Swedish researchers have identified risk factors present in adolescence that independently predict the risk of end-stage renal disease (ESRD) in middle-aged men.

These factors include proteinuria, erythrocyte sedimentation rate (ESR), blood pressure, and body mass index (BMI).

Proteinuria in adolescence predicted a significant 7.7 times increased adjusted odds of developing ESRD in middle age compared with the absence of proteinuria, researchers reported online ahead of print in the American Journal of Kidney Diseases.

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An ESR of 11 mm/h or higher was associated with a significant 2-fold increased odds of ESRD versus an ESR of 1 mm/h. Grade 2-3 hypertension (systolic BP 160 mm Hg or higher and diastolic BP 100 mm Hg or higher) was associated with a significant 4-fold increased odds of ESRD compared with normal blood pressure (systolic BP 120-129 mm Hg and diastolic BP 80-84 mm Hg).

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Compared with a BMI of at least 18.5 but less than 25 kg/m2, men with a BMI of 30 kg/m2 or greater as adolescents had a 3.5 times increased odds of ESRD.

For the study, Per-Ola Sundin, MD,of Örebro University Hospital in Örebro, Sweden, and colleagues use a cohort of Swedish male residents born from 1952 through 1956 who attended mandatory military conscription examinations in late adolescence. From January 1, 1895 through December 31, 2009, the researchers identified 534 ESRD cases and 5,127 controls matched by birth year, county, and vital status.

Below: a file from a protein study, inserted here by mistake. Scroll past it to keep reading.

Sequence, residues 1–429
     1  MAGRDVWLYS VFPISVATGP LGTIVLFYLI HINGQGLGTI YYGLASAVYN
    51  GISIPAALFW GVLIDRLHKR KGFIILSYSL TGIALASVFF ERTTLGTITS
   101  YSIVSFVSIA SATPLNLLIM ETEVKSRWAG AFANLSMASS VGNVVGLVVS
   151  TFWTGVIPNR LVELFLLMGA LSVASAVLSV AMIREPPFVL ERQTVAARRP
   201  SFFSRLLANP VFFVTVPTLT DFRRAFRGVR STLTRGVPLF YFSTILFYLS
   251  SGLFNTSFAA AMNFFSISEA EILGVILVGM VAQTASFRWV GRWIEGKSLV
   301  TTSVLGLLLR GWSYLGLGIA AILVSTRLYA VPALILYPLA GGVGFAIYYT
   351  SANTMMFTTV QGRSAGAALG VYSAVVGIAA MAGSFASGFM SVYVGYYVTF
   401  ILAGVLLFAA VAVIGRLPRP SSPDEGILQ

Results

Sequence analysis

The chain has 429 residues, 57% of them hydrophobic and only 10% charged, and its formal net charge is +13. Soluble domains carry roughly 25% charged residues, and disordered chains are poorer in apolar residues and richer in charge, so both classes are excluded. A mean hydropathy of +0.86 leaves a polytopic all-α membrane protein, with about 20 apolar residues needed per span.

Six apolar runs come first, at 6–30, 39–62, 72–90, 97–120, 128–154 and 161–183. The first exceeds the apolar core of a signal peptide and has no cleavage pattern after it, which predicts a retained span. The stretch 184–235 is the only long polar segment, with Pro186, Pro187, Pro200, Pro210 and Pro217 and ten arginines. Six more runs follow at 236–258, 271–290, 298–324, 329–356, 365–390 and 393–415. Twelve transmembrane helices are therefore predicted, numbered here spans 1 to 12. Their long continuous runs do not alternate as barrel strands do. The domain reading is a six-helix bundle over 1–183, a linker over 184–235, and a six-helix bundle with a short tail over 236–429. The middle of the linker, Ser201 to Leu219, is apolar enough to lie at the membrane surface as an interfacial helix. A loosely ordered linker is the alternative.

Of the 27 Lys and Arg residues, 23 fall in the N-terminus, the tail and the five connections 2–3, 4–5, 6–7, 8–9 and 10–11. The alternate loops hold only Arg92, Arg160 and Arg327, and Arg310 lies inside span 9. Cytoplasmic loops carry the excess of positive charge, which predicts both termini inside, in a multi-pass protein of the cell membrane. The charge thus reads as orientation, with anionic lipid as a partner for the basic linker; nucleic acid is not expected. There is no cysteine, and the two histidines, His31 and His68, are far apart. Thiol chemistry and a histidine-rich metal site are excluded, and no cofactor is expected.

“Our results support the concept that CKD [chronic kidney disease] often can be traced back into childhood much in parallel to the evidence supporting the onset of atherosclerosis early in life,” the investigators wrote.

The results of this study echo those of a study recently published online ahead of print in the Journal of the American Society of Nephrology. The study, led by Caroline S. Fox, MD, of the National Heart Lung, and Blood Institute’s Framingham Heart Study in Framingham, Mass., found that CKD risk factors are identifiable 30 years or more before the diagnosis of CKD. Subjects who developed CKD were significantly more likely than controls without CKD to have had hypertension, obesity, and higher triglyceride levels 30 years before their diagnosis.

“Our results suggest that CKD should be considered a life course disease,” Dr. Fox’s group wrote. “Identifying individuals at increased risk of CKD early in life may allow interventions that reduce the risk of CKD. In particular, individuals with multiple risk factors could be targeted for more aggressive risk factor management.”